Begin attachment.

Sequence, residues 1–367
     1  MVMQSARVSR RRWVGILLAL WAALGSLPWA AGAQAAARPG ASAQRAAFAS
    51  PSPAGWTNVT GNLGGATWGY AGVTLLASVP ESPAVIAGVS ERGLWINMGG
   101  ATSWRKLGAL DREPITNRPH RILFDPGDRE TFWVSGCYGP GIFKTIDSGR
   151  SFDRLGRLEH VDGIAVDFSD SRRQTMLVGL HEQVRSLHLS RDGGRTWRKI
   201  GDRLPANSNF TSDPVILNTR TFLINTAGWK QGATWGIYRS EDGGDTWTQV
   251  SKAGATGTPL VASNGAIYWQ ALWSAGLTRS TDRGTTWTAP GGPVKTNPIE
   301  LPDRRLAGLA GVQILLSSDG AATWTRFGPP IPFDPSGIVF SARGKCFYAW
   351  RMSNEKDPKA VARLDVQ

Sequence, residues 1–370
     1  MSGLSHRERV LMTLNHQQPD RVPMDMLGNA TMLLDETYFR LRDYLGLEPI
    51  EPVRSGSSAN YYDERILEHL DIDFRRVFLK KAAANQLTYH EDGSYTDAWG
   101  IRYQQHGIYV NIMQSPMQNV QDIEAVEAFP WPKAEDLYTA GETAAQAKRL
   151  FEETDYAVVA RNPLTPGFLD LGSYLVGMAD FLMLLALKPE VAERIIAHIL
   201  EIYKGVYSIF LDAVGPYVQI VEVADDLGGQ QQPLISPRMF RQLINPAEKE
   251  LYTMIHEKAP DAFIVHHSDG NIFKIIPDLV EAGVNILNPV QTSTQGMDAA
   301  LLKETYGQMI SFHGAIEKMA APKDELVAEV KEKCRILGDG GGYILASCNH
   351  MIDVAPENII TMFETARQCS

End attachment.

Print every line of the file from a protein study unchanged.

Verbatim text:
Sequence, residues 1–367
     1  MVMQSARVSR RRWVGILLAL WAALGSLPWA AGAQAAARPG ASAQRAAFAS
    51  PSPAGWTNVT GNLGGATWGY AGVTLLASVP ESPAVIAGVS ERGLWINMGG
   101  ATSWRKLGAL DREPITNRPH RILFDPGDRE TFWVSGCYGP GIFKTIDSGR
   151  SFDRLGRLEH VDGIAVDFSD SRRQTMLVGL HEQVRSLHLS RDGGRTWRKI
   201  GDRLPANSNF TSDPVILNTR TFLINTAGWK QGATWGIYRS EDGGDTWTQV
   251  SKAGATGTPL VASNGAIYWQ ALWSAGLTRS TDRGTTWTAP GGPVKTNPIE
   301  LPDRRLAGLA GVQILLSSDG AATWTRFGPP IPFDPSGIVF SARGKCFYAW
   351  RMSNEKDPKA VARLDVQ

Sequence, residues 1–370
     1  MSGLSHRERV LMTLNHQQPD RVPMDMLGNA TMLLDETYFR LRDYLGLEPI
    51  EPVRSGSSAN YYDERILEHL DIDFRRVFLK KAAANQLTYH EDGSYTDAWG
   101  IRYQQHGIYV NIMQSPMQNV QDIEAVEAFP WPKAEDLYTA GETAAQAKRL
   151  FEETDYAVVA RNPLTPGFLD LGSYLVGMAD FLMLLALKPE VAERIIAHIL
   201  EIYKGVYSIF LDAVGPYVQI VEVADDLGGQ QQPLISPRMF RQLINPAEKE
   251  LYTMIHEKAP DAFIVHHSDG NIFKIIPDLV EAGVNILNPV QTSTQGMDAA
   301  LLKETYGQMI SFHGAIEKMA APKDELVAEV KEKCRILGDG GGYILASCNH
   351  MIDVAPENII TMFETARQCS